Call for Participation - C4: The Conference on Contemporary Celebrity Culture

I came to the study of celebrity because I was fascinated by the cultural obsession with celebrity pregnancy that I observed among women in the United States, and had a growing concern that such an obsession was facilitating the surveillance, commodification, and regulation of pregnancies for regular, every day people.   Since the publication of my book Pregnant with the Starslikeminded law and society scholars have seemed to come out of the wood work – admitting, sometimes a bit bashfully, that they, too, are interested in celebrity culture.  And why not? Or, why bashfully?  Celebrity is a particularly important phenomenon for law and society researchers to grapple with.

Happily, in the past three years, I’ve engaged in conversation with scholars interested in the phenomenon of celebrity as it relates to our contemporary political moment, and the construction of reality stars as viable sources of truth and authenticity; I’ve spoken with friends and colleagues who care very much about …

“When they come for you”: How Lawyers Resist Authoritarianism in Russia

By Freek van der Vet, PhD. Postdoctoral Research Fellow, Erik Castrén Institute of International Law and Human Rights, University of Helsinki, Finland
Honorary Research Associate, Liu Institute for Global Issues, University of British Columbia, Canada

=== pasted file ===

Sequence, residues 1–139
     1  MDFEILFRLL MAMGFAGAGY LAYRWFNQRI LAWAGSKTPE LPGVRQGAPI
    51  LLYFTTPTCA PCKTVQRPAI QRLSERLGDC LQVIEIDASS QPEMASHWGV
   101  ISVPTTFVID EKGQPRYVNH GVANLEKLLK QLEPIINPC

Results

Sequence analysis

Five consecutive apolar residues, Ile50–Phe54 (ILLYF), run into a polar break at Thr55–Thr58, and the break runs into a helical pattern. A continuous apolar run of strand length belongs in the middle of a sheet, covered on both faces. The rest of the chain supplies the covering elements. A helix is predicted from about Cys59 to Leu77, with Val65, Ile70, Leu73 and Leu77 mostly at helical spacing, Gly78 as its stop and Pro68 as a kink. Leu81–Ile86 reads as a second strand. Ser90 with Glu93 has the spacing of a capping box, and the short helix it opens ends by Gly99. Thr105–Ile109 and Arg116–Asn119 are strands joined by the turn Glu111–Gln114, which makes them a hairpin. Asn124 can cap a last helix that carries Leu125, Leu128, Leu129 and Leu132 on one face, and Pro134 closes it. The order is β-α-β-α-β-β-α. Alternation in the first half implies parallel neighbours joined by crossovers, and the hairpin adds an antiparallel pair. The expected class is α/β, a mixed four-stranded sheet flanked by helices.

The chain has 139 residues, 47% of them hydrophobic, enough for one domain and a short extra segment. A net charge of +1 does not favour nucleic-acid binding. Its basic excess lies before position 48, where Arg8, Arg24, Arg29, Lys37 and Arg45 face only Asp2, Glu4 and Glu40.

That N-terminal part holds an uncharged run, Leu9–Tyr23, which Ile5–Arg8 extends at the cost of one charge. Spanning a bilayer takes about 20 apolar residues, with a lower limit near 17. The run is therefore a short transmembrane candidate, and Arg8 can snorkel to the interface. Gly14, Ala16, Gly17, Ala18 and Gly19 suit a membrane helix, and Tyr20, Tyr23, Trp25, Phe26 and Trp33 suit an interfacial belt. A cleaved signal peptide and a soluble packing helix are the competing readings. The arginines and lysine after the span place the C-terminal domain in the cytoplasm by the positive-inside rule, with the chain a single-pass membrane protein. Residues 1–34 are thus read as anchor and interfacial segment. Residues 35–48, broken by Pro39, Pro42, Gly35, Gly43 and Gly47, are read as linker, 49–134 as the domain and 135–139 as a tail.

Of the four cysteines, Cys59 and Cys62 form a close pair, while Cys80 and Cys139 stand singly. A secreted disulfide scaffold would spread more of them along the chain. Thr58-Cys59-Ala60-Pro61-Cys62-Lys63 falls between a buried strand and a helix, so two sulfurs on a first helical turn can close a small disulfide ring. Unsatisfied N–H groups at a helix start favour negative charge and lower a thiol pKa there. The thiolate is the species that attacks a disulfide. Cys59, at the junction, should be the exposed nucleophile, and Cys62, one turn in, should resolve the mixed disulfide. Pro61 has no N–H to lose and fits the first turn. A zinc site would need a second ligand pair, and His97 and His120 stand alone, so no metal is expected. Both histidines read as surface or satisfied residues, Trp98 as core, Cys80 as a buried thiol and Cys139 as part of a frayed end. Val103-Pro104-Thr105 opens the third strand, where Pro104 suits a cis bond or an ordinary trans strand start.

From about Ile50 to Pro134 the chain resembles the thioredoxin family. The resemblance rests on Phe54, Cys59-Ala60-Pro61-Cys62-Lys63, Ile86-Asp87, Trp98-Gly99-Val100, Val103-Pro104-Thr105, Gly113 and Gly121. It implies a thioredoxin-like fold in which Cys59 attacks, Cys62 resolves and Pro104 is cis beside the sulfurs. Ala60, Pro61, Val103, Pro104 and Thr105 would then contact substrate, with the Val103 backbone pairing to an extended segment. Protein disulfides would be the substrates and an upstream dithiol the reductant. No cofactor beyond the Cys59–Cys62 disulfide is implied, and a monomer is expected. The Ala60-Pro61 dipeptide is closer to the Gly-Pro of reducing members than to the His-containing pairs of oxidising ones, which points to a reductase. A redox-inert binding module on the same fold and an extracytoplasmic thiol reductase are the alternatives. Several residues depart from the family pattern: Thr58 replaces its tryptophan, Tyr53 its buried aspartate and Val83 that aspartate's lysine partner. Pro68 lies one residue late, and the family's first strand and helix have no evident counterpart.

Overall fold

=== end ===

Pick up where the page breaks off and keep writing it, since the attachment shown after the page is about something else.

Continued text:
Following Vladimir Putin’s return to the Presidency in 2012, the Russian State Duma (parliament) passed a string of repressive laws. The Duma installed fines for those participating in unauthorized demonstrations, amended extremism laws, and passed a law that curtailed the work of nongovernmental organizations (NGOs) by cutting their ties with their foreign—primarily, North American—donors.

This “law on foreign agents” forces Russian NGOs to register as “foreign agents” (inostrannye agenty) with the Ministry of Justice when they receive foreign funding and engage into political activities. NGOs registered this way have to label all their publications with “foreign agent”. NGOs that fail to comply can expect a surprise inspection, often…

A difficult road ahead for asylum rights advocacy

A commentary on Matter of A-B and family membership as a protected ground

by Philip Kretsedemas UMass-Boston, Sociology

          Just a few weeks ago, on June 11, Attorney General Jeff Sessions released Matter of A-B, an opinion that dramatically curtails asylum protections for survivors of domestic violence, and for many other people who have been persecuted by non-state actors. Matter of A-B has been described, and for good reason, as ushering a return to the dark ages of U.S. asylum law, especially for gender asylum advocacy.

           However, of the many concerns that have been raised about Matter of A-B, there has been no mention made of the ambiguous position it has taken on family membership as a protected ground, and how this protected ground applies to the kinds of asylum claims it is seeking to restrict. This issue is important because the opinion begins by defining domestic and gang violence survivors as victims of “private crime,” and then goes on to deliberate on wh…